What is Elves Origin in Medieval Culture and in Modern Literature
Elves are well-known mythological figures that have appeared in literature for centuries . You probably remember them from JRR Tolkien ‘s novels , but the truth is that they appeared in much older texts.
Coming from Norse and Celtic culture, elves were quite common in medieval literature . They were first designated by the word Alfs or Alfr , which has the same origin as “target”, “white”. Therefore, their myth is that they are beautiful and luminous beings, similar to fairies, and that they have special powers. They would live in realms found within forests or in hollow tree trunks.
Like fairies, elves were also considered small shapeshifters (beings capable of changing shape). However, they take on different images in the cultures in which they have been portrayed. English elves, for example, are often described as elderly, although elven maidens were almost always young and beautiful. Already in The Lord of the Rings trilogy, from 1954, these beings are shown as tall and beautiful.
The Origin of Elves in Medieval Culture
Elves are very ancient figures in folklore and, although researchers believe that they appeared in Norse mythology, they appear in the lore of several countries in Europe. Its first records in literature date back to the 15th century — the same time when stories and legends about fairies and elves also began to spread.
Their identity within these texts is that of being mischievous characters responsible for provoking strange occurrences. There was something of a tradition that when a baby was born with a mark, it was said to have been “marked by an elf.” Sometimes they were also “accused” of more serious things, such as stealing bread, cattle and even children.
Therefore, the elves did not always appear as good beings. In the Eddas, collections of traditional texts from Scandinavian culture compiled in the thirteenth century, elves appear in three configurations: the white ones, who were good, and the dark or gray ones, who were wicked.
But perhaps it is in Iceland that these little beings have acquired greater cultural influence. For many centuries – in a belief that remains today, in some places – the existence of fairies and elves was seen as real. Icelanders believe in mythological figures called “huldufolk” (hidden people), which would be their version of elves.
Elves in Modern Literature
With urbanization and industrialization in the 19th and 20th centuries, elves were re-signified in literature. At first they disappeared from the texts, as they were considered typical of a later popular culture.
However, some works brought back the elves as an idea that could be present in high literature. They appear, for example, in the play A Midsummer Night’s Dream, written by William Shakespeare between 1594 and 1596.
Another legend responsible for bringing elves back to literature is that of Santa Claus . Modern Christmas tradition describes Santa’s helpers at the North Pole as year-round toy-making elves. In some texts, such as The Night Before Christmas, written by Clement Clark Moore in 1822, Santa Claus himself is described as a “jolly old elf”.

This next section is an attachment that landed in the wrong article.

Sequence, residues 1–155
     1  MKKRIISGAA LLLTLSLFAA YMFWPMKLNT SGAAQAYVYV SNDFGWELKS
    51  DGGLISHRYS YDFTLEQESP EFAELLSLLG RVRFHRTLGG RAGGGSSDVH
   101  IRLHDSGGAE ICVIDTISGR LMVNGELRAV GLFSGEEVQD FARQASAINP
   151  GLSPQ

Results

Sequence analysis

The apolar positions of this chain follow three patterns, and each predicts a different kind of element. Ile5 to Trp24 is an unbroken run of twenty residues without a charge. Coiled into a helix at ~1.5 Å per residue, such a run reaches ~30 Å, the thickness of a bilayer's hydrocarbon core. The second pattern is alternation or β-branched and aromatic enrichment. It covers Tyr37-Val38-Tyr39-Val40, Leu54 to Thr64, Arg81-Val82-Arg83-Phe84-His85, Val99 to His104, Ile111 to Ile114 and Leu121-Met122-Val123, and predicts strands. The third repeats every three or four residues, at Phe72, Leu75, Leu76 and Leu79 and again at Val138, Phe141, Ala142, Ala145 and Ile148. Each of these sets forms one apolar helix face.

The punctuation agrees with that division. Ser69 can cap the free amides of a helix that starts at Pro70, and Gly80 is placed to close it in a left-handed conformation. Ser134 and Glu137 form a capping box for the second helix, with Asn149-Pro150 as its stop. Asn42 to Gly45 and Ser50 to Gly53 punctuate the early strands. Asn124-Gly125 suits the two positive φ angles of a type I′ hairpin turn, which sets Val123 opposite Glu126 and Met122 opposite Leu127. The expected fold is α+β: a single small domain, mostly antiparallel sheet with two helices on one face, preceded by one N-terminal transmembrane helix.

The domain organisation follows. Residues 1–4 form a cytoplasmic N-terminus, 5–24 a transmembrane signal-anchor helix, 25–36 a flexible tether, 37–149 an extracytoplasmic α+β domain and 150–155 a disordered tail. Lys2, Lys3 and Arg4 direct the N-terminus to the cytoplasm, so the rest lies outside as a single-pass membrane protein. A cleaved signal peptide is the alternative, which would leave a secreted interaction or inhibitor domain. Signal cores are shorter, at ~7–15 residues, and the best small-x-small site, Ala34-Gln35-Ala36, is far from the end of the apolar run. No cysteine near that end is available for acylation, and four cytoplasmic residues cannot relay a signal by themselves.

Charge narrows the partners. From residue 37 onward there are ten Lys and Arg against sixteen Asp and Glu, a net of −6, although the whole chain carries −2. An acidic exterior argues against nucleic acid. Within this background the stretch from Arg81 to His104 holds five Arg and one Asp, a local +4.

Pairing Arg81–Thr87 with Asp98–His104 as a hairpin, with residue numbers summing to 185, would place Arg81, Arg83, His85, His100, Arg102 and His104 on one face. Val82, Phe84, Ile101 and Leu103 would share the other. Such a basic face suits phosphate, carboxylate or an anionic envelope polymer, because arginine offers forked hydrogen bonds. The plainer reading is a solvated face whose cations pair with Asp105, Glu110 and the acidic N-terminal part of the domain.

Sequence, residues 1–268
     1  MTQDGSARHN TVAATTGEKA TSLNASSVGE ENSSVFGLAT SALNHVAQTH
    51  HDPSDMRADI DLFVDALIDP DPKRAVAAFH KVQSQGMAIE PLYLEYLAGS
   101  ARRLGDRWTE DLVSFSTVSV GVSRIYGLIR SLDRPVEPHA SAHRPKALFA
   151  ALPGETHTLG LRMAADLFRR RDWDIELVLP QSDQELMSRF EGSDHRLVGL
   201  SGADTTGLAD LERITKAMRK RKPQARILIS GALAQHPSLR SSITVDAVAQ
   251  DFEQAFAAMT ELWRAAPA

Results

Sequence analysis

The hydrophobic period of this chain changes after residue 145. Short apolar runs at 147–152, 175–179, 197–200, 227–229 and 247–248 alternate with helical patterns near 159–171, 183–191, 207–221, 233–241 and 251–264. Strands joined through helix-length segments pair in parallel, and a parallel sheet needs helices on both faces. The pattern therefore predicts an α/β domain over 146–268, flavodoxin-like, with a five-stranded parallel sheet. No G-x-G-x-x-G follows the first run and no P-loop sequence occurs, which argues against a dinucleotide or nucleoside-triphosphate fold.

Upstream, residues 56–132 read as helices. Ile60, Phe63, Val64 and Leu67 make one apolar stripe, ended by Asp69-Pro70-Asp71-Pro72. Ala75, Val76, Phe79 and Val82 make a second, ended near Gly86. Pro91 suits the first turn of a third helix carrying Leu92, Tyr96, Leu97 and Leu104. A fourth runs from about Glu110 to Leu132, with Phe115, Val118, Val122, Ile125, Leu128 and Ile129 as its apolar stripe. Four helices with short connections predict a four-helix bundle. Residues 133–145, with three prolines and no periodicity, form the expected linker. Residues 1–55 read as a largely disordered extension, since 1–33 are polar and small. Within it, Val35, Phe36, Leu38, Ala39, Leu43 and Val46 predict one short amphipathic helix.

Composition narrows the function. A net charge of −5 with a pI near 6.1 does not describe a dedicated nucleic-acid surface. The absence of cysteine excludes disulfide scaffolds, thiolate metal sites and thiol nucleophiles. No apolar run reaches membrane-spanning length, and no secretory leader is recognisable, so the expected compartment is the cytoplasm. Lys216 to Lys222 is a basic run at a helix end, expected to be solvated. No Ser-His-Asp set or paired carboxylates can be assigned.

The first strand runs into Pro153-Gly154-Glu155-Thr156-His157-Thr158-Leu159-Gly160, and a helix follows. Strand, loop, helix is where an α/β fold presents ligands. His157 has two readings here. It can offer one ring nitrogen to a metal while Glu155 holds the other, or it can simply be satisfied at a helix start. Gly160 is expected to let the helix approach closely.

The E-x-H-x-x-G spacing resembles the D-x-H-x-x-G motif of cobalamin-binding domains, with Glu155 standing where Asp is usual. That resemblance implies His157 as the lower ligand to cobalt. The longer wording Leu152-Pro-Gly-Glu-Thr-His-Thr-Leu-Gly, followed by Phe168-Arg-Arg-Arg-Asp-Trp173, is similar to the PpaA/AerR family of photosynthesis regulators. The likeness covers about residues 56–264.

But certainly a very relevant work in the dissemination of this mythology is the Lord of the Rings trilogy . In it, the elves are slightly larger than humans and are extremely beautiful, with almost angelic features. The characters built by JRR Tolkien were inspired by his deep studies of Celtic, Germanic and Scandinavian folklore.
Legend of the Elves
A legend says that if you scatter leaves of buckthorn or buckthorn (Rhamnus cathartica) with purgative fruits in a circle and dance inside it under the full moon, an elf will appear. The dancer must see the elf and say: “Haltand grand my boon!” (stop and give me a blessing!) before he runs away. The elf will then grant a wish.
Building designs in Iceland are occasionally altered to prevent the rocks they are believed to live in from being damaged. According to these popular Icelandic beliefs, stones should not be thrown due to the possibility of reaching the Hidden People.
In Reykjavik there is a school called Icelandia Elf School that organizes five-hour educational tours for visitors. The town of Hafnarfjorour offers a guided walk of around 90 minutes. Includes a walk through Hellisgerdi Park, where paths wind through a lava field with tall trees and potted bonsai trees . It is said to be populated by the largest elven colony in the city.
Álfhóll (Elf hill) is the most famous home in Kópavogur, and Alfhóesvegur ( Elf hill road). At the end of 1930, road construction began, which was to pass through Alfhóll which meant that Alfhóll would have to be demolished. Nothing seemed to go well and construction was halted. A decade later the construction of the road would continue, but when the machines started working again, they started to break down and the tools were damaged and lost. The road remained routed around the hill, not through it as originally planned. In the late 1980’s the road was to be raised and paved. Construction went off schedule until it came time to demolish part of Alfhóll. a drillde Rocha was used but broke. Another was fetched, but it broke too. After two drills were broken into pieces, the workers refused to go near the hill with any tools.
Anthropologist Magnus Skarphedinsson, who has spent the last few decades collecting testimonies related to this topic, is convinced that yes, and dedicates himself to transmitting his knowledge to groups of curious people as director of the School of Elves, in Reikjavik.